Congress to Pass Legislation Designating Eldon B. Mahon United States Courthouse - Februar 13, 2003
|February 13, 2003|
Congresswoman Kay Granger (R-Fort Worth) today announced that Congress is primed to pass a provision she authored to name the federal courthouse in Fort Worth after former U.S. District Judge Eldon B. Mahon.
"Judge Mahon's tireless dedication to public service and commitment to justice make him a pillar of the Fort Worth community," said Representative Granger. "I can think of no better way to recognize his impact and achievements than dedicating in his honor the court house where he presided for three decades."
Judge Mahon, 84, was appointed U.S. Attorney for the Northern District of Texas by President Lyndon B. Johnson. President Richard M. Nixon then nominated him to the Federal Court for the Northern District of Texas, which he joined in 1972. He reached senior status in 1989, but continued to be an active member of the Court until his retirement last fall.
In his three decades on the federal bench, Judge Mahon presided over many of the most significant social and political changes in North Texas. His rulings altered the methods for electing members of the Dallas City Council and the Fort Worth School Board. His proudest accomplishment was overseeing the racial integration of the Fort Worth School District, an endeavor that took 19 years.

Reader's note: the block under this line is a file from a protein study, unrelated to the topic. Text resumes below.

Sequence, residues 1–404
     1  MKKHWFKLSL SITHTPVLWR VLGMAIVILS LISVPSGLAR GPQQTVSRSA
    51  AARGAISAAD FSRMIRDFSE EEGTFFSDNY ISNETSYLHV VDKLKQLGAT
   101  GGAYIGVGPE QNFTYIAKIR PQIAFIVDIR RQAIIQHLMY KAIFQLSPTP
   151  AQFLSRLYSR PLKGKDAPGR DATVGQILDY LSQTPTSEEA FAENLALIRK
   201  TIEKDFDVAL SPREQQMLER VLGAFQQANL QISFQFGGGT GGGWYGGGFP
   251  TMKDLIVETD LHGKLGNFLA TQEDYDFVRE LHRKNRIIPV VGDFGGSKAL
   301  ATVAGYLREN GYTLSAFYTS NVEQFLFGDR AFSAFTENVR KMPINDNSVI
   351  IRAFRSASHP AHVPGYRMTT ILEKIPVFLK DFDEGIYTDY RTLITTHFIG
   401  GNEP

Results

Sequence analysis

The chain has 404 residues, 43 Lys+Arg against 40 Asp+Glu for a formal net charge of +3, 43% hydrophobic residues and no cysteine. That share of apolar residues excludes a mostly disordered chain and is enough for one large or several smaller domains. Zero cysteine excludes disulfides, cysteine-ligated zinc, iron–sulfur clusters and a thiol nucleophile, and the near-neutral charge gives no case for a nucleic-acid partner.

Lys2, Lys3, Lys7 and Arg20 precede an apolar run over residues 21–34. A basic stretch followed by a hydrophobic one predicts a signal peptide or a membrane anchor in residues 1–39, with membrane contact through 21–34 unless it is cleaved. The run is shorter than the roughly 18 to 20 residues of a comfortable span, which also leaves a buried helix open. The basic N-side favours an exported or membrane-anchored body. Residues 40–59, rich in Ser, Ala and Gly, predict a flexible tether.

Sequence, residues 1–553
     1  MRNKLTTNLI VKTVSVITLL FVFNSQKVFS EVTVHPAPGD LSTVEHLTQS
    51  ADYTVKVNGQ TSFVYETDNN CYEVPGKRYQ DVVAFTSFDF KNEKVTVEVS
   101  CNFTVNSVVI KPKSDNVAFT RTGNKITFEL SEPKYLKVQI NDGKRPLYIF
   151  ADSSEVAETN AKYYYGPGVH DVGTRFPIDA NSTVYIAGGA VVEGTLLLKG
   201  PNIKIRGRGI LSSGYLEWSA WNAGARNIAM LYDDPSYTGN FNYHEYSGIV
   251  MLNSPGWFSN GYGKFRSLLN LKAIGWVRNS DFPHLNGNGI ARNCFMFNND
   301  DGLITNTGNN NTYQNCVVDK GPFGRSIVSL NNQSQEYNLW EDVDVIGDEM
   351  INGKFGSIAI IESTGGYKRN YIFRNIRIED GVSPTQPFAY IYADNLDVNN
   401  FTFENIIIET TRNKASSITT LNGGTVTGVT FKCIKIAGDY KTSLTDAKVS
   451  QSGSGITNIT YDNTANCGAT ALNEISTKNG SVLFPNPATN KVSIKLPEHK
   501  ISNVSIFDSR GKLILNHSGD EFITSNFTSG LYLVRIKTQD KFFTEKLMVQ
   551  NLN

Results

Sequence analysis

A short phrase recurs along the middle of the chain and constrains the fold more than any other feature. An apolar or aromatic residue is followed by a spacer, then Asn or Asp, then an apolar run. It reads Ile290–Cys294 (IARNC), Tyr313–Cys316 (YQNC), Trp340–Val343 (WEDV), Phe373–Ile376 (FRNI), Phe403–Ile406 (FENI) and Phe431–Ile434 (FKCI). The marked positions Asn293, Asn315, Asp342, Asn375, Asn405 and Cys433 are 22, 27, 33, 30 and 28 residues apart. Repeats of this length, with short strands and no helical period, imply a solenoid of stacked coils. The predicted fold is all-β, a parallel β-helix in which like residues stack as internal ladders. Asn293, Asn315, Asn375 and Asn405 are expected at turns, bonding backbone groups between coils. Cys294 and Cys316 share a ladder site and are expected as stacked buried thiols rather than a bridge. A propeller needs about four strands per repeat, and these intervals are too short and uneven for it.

In the last Congress, the House of Representatives unanimously passed Granger's legislation to name the Courthouse after Mahon. The bill, however, languished in the Senate. This year, Granger worked successfully to include the Mahon provision in a large appropriations bill that will fund most government agencies for the rest of fiscal 2003. That bill, House Joint Resolution 2, is expected to be approved by the House of Representatives on Thursday night and the Senate on Friday.
The federal courthouse in Fort Worth is located at 501 West 10th Street. The 100-county Northern District of Texas, with Dallas and Fort Worth as its largest divisions, has 12 federal judgeships.